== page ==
Health is not a destination, it’s a journey.
Rightly or wrongly I have spent most of my life thinking of others. I think it is a generational thing and probably also the way we were raised. We were taught to offer the plate of food to others at the table before we helped ourselves, to share our toys no matter how precious, to do the chores before we were asked, to anticipate the problem before it had arisen.
As girls we were expected to be modest about our talents and achievements, to not brag about our good grades or published story, to listen whilst our brothers told us how strong, fast, clever they were, to accept being teased or mocked.
We don’t, as women, push ourselves forward in our careers. We have until now accepted lower salaries than our direct male colleagues and we, not the men, are often the main caregivers in our families. We women don’t let the dishes do themselves, leave the laundry to pile up in the corner, walk past the children struggling with their homework or let them eat scrambled eggs or pizza four nights in a row. For many reasons women put the needs of others before their own. But let’s be frank, in the same way you apply your own oxygen mask on an airplane before you put on someone else’s, you are only able to truly reach out to people when your needs are taken care of first.
My Movementwise Journey has taught me that I need to put myself first in order to get truly stronger. I need to let the dishes pile up in the sink and leave the dishwasher to be emptied by someone else whilst I focus on what I need to do. I have to make it my priority to find the time to do my exercises, to go to my swimming lessons, to cook healthy meals, to walk up mountains and to go skiing.
I have come a long way in the past year. I have gone from being unable to walk across the room without pain to hiking six hours up a mountain. From watching Ski Sunday on the television to being back up those mountains on skis. I am not completely there. I still have hopes and dreams to attain but I know that in order to achieve them, I have to keep challenging myself, learning, and building my confidence along the way.
I have learned that health is not a destination, it’s a journey and one in which I must invest.
MovementWise Journey Insights
We all hold a story inside our bodies:
- The activities we have done and how we have done them – we are what we repeatedly do.
- The physical, mental and emotional challenges we have faced – we are the embodiment of our thoughts, feelings and emotions.
- The relationships we have built and how they connect and support us, or sabotage us:
- The relationship we have with our body and our self.
- The relationship we have with our environment, including gravity.
- The relationship we have with the people around us.
- Our relationship with nature and animals.
Do you listen to your body? When your body is in pain, what is your body saying to you?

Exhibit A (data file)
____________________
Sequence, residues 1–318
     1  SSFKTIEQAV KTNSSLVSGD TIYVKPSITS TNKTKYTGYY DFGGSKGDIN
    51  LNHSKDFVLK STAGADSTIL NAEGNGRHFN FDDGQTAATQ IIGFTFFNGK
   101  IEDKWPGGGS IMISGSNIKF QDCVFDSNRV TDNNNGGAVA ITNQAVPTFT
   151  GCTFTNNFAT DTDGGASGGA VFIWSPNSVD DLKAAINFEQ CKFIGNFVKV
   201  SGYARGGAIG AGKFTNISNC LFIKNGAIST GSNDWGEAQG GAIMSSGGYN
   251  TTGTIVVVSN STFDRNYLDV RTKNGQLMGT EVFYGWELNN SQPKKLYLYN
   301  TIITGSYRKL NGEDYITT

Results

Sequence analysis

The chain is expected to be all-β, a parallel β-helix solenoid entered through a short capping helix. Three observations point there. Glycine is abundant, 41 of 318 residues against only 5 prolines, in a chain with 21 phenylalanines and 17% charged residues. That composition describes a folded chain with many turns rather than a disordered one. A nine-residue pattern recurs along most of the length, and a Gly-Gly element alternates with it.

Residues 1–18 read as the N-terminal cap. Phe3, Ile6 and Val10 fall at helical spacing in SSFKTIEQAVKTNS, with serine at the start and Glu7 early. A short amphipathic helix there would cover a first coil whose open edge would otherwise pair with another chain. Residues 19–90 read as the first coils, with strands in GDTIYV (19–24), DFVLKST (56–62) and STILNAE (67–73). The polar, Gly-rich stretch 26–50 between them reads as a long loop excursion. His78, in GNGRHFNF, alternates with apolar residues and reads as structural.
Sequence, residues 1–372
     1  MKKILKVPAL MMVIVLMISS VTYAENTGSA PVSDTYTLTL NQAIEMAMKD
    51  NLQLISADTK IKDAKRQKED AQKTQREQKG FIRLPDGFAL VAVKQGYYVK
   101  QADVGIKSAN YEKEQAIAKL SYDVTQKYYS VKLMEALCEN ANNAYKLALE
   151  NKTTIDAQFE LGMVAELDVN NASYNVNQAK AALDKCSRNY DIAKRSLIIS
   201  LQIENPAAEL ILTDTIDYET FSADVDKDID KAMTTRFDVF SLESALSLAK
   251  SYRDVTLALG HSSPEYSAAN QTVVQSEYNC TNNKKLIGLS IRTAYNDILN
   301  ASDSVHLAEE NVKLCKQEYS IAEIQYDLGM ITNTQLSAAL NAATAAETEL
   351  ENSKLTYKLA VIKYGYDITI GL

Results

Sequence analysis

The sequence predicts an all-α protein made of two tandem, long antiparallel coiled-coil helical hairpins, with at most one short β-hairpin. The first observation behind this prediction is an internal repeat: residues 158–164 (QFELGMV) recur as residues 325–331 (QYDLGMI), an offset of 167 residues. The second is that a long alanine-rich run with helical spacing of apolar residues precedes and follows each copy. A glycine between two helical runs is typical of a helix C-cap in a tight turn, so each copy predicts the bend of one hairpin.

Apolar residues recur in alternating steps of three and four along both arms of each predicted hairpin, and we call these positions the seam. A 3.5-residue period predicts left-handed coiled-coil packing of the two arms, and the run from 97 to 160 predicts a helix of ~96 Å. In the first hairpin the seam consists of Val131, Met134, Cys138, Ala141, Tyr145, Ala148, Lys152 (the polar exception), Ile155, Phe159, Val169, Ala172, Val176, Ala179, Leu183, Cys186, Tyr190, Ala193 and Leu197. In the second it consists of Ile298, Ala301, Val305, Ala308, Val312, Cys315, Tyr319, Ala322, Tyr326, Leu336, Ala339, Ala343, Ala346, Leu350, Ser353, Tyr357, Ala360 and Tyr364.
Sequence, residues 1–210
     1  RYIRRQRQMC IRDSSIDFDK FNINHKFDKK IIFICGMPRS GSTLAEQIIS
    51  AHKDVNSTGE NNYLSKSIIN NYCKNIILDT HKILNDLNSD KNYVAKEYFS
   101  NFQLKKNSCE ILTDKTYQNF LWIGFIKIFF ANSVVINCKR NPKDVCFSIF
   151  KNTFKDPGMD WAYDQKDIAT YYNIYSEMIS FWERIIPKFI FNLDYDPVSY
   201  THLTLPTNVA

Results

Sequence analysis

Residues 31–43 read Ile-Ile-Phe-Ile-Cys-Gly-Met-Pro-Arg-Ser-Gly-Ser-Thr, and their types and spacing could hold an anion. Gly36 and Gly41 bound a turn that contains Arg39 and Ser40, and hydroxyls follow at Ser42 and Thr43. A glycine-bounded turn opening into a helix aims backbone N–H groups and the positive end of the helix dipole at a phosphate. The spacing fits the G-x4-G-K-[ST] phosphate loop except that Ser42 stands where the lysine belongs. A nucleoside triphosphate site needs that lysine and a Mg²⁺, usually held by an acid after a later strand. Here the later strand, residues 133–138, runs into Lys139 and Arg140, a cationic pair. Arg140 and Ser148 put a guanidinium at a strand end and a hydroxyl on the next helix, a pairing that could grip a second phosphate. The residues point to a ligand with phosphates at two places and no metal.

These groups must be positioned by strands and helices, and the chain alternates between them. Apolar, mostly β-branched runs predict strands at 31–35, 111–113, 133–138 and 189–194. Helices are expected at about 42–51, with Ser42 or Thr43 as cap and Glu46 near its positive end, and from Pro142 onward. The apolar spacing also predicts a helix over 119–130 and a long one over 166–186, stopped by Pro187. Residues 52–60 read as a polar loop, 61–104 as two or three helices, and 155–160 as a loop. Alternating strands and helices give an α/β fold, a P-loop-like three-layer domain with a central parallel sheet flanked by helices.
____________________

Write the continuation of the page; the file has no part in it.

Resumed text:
Take care of me? Give me attention? Look after me? Love me?
Do you spend so much time trying to make sure that everyone else’s needs are getting met, that you are left with no time or energy to consider your own? Women in particular often feel ‘guilty’ if they take time out or ‘indulge’ in learning a new activity or sport when in fact they are looking after themselves. And when the going gets tough, pleasurable activities will be the first thing they let go. This can cause you to feel socially isolated and to lose your sense of SELF. Your body reflects your roles, goals, responsibilities and your sense of identity.
There is a tragic misunderstanding worldwide that if you are not pushing yourself to your limit, you are taking up too much space. For many, life has become ‘an emergency’ and many of us live on an overdose of stress hormones, whilst sleep has become a privilege! If you have ever read the fable of the tortoise and the hare you may be able to relate to the fact that the key to your physical, mental and emotional wellbeing is to ‘pace not race’. Not only that but those who pace come out on top!
Taking the time to become aware of how you move through life does not just shape your body it shapes our mind. Yes, mindful movement creates new neural connections in your brain that will protect your body against Alzheimer’s and dementia. And, the quality of your mind affects the quality of your life. When you allow yourself to accept support and go through a process of guided mastery with a coach, teacher or MovementWise Mentor, you develop self-awareness which means that you give yourself the time to feel how your whole body moves and is connected. Movement mastery gives you access to some incredibly powerful anti-stress and feel-good hormones such as Dopamine, Serotonin, Oxytocin and Endorphins – are you benefiting from these internal resources?
Our MovementWise Top Tip for this Month is Say NO and LET GO! Say no to something that will drain your energy and instead, DO SOMETHING FOR YOURSELF that will give you energy. It may be something you simply love to do like go out for a walk with your dog; or something you have never done before but have always wanted to try like learning how to swim. In the short term it may take you out of your comfort zone, yet in the long run, with the right guidance, such life skills can become something that helps you to feel good, can open up opportunities for exploration and adventure and can literally save your life. Letting go can be the hardest thing to do, letting go of feeling responsible for everything and everyone in your life and attending to your own needs, so that any feelings of guilt can transform into a big nourishing feeling of gratitude. We all have the power to choose our attitude – we are all response-ABLE.
Give yourself ‘permission’ to come to one of our MovementWise Workshops and learn to move in a way that will enable you to perform at your best and live your life to the full, like Mairi.